Rick Steiner enters the match. He takes out Flair and Windham with Steinerlines. He follows that with a Belly-to-Belly Suplex on Flair. He puts Flair into the cage and Flair blades. Sid enters the match, the final member of the heel team. Sid holds Rick and Flair kicks him in the groin. Sid and Sting pair off with Sid getting the advantage. Meanwhile, Flair is still getting destroyed by Rick Steiner. Scott Steiner enters, and the match beyond begins. Now the match can be won by submission. Scott comes in hot. He Clotheslines Flair and Windham, then hits Larry with a Tiger Bomb. He drops Sid with a Steinerline from the second rope. Meanwhile, Sting hits Flair with a Stinger Splash and applies the Scorpion Deathlock. Larry breaks it up. Sid rips the tape off Pillman's shoulder and chokes him. All four babyfaces end up applying Figure Fours to the heels: Sting on Flair, Scott on Zbyszko, Rick on Windham, and Pillman on Sid. The faces all break their holds at the same time.

Sting Military Presses Flair into the cage roof. The match starts breaking down as everyone seems exhausted. Flair and Pillman exchange stiff chops. Scott hits a sloppy DDT on Windham. Everyone but Sid and Pillman clear out of one ring, leaving those two alone. You've probably seen the clip of what happens next: Sid goes for a Powerbomb on Pillman, but can't get him all the way up because the cage roof is too low. Rather than do the sensible thing and put him down and try it again from a different angle, Sid drops Pillman right on his head. Pillman appears to have been genuinely knocked silly by that. Sid doesn't know what to do, so he picks Pillman back up and Powerbombs him again. The second one is executed much better. At this point El Gigante emerges from the locker room, rips open the cage, and surrenders on behalf of the face team. Not sure what was actually supposed to happen there, but Pillman definitely appeared to be legitimately knocked out.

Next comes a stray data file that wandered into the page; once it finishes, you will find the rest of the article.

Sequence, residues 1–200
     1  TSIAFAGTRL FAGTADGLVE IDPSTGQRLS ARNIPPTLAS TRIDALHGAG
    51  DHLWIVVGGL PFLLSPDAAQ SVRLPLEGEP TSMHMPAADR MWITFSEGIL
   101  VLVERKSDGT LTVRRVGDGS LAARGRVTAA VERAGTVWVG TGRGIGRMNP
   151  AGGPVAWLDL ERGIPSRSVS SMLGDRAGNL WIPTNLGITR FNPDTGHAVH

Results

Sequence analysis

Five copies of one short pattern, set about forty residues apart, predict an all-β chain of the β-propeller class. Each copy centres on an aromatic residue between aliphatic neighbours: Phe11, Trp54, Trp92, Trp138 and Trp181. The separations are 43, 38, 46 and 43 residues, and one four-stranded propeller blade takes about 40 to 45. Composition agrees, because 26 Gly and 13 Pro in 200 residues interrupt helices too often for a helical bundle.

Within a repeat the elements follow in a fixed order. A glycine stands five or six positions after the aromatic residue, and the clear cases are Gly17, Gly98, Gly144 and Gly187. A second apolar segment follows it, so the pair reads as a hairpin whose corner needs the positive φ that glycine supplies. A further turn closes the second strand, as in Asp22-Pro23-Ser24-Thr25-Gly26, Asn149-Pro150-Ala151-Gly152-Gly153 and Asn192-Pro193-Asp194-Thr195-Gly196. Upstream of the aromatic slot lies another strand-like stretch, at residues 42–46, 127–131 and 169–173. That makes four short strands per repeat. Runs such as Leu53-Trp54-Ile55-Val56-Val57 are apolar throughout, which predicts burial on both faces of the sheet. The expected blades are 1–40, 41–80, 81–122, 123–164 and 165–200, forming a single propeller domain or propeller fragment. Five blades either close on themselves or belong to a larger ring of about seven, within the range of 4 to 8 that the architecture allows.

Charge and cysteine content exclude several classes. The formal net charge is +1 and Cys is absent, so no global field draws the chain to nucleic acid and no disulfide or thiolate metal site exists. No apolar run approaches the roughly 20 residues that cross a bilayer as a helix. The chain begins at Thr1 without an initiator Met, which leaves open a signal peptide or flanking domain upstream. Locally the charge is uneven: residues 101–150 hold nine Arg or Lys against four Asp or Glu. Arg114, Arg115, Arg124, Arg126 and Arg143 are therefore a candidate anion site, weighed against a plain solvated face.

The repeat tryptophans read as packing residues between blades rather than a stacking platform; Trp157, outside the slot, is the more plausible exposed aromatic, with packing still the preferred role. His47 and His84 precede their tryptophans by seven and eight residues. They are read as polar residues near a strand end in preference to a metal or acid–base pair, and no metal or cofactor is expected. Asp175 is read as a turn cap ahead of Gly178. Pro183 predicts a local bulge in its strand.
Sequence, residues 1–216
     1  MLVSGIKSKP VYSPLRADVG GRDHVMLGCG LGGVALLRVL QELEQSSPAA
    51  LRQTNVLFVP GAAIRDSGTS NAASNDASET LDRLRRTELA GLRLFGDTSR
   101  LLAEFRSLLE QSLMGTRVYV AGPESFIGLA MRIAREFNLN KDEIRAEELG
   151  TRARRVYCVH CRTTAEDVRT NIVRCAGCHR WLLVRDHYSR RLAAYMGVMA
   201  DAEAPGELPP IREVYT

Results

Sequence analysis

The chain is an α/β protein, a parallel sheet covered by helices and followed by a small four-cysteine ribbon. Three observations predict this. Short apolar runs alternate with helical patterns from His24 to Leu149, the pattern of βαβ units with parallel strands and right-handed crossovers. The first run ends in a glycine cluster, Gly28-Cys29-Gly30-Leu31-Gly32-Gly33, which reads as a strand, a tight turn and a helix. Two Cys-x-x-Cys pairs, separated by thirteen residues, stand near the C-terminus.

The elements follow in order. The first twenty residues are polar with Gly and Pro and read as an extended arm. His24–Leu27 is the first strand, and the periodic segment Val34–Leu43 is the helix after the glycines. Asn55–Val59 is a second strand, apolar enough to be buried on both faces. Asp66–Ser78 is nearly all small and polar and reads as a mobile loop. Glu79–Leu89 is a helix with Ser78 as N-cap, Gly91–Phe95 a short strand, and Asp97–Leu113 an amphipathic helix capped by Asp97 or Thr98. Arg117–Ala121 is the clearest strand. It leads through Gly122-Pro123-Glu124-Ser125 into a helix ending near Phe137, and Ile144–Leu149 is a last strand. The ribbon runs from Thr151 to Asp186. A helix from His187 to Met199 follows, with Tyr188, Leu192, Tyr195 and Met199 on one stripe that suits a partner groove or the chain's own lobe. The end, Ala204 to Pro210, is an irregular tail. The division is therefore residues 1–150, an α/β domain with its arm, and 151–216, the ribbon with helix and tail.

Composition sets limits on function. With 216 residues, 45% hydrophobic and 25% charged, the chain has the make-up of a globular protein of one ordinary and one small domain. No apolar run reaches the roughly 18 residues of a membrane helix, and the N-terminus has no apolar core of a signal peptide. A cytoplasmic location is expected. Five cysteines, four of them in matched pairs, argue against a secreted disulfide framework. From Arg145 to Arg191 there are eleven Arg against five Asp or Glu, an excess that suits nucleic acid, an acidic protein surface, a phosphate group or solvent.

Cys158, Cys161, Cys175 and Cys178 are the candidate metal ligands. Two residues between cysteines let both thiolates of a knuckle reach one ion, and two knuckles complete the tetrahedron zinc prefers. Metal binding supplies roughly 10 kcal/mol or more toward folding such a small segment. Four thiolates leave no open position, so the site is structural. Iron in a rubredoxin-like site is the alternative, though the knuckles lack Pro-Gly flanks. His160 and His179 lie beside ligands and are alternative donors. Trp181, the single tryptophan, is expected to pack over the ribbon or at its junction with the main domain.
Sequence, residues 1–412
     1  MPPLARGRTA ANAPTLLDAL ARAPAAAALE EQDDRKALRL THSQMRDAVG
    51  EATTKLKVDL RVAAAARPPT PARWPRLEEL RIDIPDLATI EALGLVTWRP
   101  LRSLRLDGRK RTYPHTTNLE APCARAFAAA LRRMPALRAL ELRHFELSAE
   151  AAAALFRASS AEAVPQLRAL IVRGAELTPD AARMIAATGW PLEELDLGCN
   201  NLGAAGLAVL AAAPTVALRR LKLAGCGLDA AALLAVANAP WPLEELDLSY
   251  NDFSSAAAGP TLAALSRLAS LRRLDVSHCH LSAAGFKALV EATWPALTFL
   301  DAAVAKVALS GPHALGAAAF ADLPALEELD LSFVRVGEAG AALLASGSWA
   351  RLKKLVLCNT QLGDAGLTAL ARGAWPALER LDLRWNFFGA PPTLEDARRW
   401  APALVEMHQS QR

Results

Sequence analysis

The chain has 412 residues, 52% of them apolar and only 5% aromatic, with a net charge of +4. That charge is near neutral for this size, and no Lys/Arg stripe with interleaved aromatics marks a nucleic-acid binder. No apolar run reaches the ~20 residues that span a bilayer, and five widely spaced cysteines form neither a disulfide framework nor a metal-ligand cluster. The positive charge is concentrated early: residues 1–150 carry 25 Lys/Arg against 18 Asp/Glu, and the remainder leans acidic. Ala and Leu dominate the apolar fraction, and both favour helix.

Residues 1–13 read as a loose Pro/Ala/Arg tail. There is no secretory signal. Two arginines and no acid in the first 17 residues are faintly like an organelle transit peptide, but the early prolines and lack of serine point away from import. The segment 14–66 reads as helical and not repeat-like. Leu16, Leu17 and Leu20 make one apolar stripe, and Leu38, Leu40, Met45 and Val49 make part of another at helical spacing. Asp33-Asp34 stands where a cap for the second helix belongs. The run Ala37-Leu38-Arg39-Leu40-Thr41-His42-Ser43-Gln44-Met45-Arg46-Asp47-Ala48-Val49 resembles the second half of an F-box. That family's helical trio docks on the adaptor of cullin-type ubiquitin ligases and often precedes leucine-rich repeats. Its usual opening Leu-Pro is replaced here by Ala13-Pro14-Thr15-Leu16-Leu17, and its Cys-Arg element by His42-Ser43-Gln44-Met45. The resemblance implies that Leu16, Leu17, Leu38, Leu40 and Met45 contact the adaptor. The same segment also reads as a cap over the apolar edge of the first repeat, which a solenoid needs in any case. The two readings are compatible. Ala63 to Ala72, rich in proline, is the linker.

Result: Four Horsemen by surrender

Analysis: ****3/4. Awesome match. Classic Wargames action. The ending was legitimately terrifying, but that just adds to the spectacle and brutality of the match. How big of an idiot is Sid for Powerbombing Pillman a second time after almost killing him with the first one? A pretty big idiot. The fact that he was able to deadlift a knocked out Pillman was very impressive.

Nothing really happens after the match, as everyone just kinds of mills around the rings. Probably confused about what happened and concerned about Pillman.

Overall: Pretty good show. The main event was a classic, Luger and Spivey was really good, and there were some other decent matches on the undercard. The company was in something of a holding pattern at this point as they continued to run with what had worked in the past: Four Horsemen vs. babyfaces. Unfortunately, that pattern was about to be upset in the near future. But we'll get to that when the time comes...

Grade: B